The scariest part is that what’s inside this anthology is a mirror of our world, not a teleporter to another.
Here’s a brief summary:
A Wicked Thirst — Kealan Patrick Burke
An alcoholic’s incessant thirst for drink has caused a trail of devastation in his path. A blackout one night puts him face to face with the specter of his past. A powerful opening punch and quite simply vintage Kealan Patrick Burke.
The One in the Middle — Jessica McHugh
“The best way to take atlys is to inject it straight into the testicles,” thus begins Jessica McHugh’s excerpt from The Green Kangaroos, which blew my freaking mind (cliché as that sounds). Captures the tone, lifestyle and craving for heroin in a wonderfully transgressive fashion. William Burroughs himself would be proud.
Garden of Fiends — Mark Matthews
The father of a heroin addict is tired of his daughter relapsing, so he takes drastic measures to protect her. He thinks he’s cut out her disease, but he’s only made it spread. Pretty soon, there are addicts all over the city of Detroit trying to get his daughter high.
First, Just Bite A Finger — Johann Thorsson
This flash fiction piece is a lightning shot across the page. An addict keeps convincing herself she can quit her bizarre addiction — “She could quit if she wanted to, and she did, and went until Thursday evening.”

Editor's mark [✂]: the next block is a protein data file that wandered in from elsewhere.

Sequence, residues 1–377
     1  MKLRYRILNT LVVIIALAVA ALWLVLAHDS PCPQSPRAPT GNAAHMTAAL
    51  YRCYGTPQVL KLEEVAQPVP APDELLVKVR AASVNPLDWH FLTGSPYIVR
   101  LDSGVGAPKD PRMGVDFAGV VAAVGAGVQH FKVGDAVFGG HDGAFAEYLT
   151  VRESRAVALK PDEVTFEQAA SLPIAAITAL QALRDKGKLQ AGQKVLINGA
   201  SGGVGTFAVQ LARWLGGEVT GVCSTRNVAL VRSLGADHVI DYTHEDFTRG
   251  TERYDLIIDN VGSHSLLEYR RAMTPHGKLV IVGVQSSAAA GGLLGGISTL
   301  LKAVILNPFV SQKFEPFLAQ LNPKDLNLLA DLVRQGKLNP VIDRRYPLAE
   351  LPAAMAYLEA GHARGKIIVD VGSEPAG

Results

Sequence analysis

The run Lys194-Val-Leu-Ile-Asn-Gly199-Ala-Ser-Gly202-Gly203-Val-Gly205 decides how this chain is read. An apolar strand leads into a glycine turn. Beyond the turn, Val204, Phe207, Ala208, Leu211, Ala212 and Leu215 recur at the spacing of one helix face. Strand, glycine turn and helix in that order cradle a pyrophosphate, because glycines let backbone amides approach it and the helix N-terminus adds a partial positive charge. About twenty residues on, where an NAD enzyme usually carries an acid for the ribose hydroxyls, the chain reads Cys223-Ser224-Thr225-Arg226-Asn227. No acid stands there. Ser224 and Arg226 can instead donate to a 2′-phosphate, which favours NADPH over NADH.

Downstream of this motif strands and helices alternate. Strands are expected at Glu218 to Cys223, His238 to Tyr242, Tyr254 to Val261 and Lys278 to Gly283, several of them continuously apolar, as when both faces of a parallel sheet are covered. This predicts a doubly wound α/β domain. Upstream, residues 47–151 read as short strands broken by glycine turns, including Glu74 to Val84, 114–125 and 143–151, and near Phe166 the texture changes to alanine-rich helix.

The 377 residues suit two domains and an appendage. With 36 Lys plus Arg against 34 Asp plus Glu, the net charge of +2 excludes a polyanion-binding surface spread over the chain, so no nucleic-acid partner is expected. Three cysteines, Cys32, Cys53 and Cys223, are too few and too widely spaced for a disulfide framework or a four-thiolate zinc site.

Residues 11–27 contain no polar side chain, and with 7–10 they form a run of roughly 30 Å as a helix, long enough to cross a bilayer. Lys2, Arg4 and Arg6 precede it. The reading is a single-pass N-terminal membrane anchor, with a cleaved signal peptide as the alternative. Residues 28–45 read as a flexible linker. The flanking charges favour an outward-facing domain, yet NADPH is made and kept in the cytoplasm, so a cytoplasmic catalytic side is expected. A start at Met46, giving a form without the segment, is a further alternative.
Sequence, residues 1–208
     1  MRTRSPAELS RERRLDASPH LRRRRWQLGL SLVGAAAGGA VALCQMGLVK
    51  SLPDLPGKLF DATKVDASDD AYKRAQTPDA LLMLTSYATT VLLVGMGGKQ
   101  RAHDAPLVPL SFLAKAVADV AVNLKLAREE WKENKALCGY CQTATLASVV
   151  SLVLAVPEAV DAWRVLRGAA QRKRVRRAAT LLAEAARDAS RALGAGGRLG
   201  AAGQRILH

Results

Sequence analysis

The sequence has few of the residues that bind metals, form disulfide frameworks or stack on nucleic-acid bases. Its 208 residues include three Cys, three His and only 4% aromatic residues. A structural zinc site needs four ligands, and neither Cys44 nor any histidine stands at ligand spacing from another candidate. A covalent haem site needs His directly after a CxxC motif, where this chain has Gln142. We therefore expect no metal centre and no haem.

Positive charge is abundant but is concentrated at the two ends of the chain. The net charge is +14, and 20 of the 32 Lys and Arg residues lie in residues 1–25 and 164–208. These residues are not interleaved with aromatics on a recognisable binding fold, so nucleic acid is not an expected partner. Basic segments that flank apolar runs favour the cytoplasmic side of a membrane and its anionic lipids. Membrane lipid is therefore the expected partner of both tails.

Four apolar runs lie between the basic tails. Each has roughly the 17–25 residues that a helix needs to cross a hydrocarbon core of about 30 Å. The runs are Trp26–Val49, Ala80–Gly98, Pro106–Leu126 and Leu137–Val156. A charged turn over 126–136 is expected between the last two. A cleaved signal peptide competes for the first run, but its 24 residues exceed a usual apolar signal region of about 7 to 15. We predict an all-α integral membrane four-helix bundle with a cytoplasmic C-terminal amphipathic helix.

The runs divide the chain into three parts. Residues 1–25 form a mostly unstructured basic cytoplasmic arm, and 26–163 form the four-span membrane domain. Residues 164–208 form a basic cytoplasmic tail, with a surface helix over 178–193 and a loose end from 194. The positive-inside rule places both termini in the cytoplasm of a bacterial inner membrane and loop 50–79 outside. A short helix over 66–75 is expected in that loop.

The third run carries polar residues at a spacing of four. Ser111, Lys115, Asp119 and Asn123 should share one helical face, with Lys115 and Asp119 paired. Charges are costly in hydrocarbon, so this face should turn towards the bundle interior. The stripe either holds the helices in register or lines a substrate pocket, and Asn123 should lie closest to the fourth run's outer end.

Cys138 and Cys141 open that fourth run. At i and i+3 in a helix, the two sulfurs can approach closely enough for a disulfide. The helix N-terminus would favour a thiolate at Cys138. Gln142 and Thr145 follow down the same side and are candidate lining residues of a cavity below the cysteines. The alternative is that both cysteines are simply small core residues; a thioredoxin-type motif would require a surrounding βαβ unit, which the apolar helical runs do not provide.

Last Call — John FD Taff
Last Call is about the type of alcoholic I am quite familiar with — one who frequents AA meetings, can’t stay sober, and often shows up drunk. His sponsor offers him one last chance at sobriety by visiting the most unusual of places: a liquor store. A perfect illustration of the family legacy of alcoholism.
Everywhere You’ve Bled and Everywhere You Will — Max Booth III
Max Booth’s story is about a recovering heroin addict who relapses after a bizarre turn of events and an infatuated (and quite creepy) girlfriend. It includes a bleeding penis, spiders, a Walmart worker, and Max’s unmistakable wit. Your jaw will drop.
Torment of the Fallen — Glen Krisch
Scarecrows, rats, syringes, and heroin are the ingredients for this Glen Krisch story. When you see real demons, sometimes the demon of addiction is all that will hold them back.
Returns — Jack Ketchum
Ketchum didn’t write this short story to serve as the perfect ending to Garden of Fiends, but he might as well have. This is a sweet, somber story about a Ghost visiting his alcoholic ex-lover, watching her drink herself to death, and trying to find his purpose for this return to his old life. I’m so grateful to have another one of my writing heroes included in Garden of Fiends.
Mark Matthews is a graduate of the University of Michigan and is a licensed professional counselor. He is the author of On the Lips of Children, Milk-Blood, and All Smoke Rises. He lives near Detroit with his wife and two daughters. Reach him at WickedRunPress@gmail.com.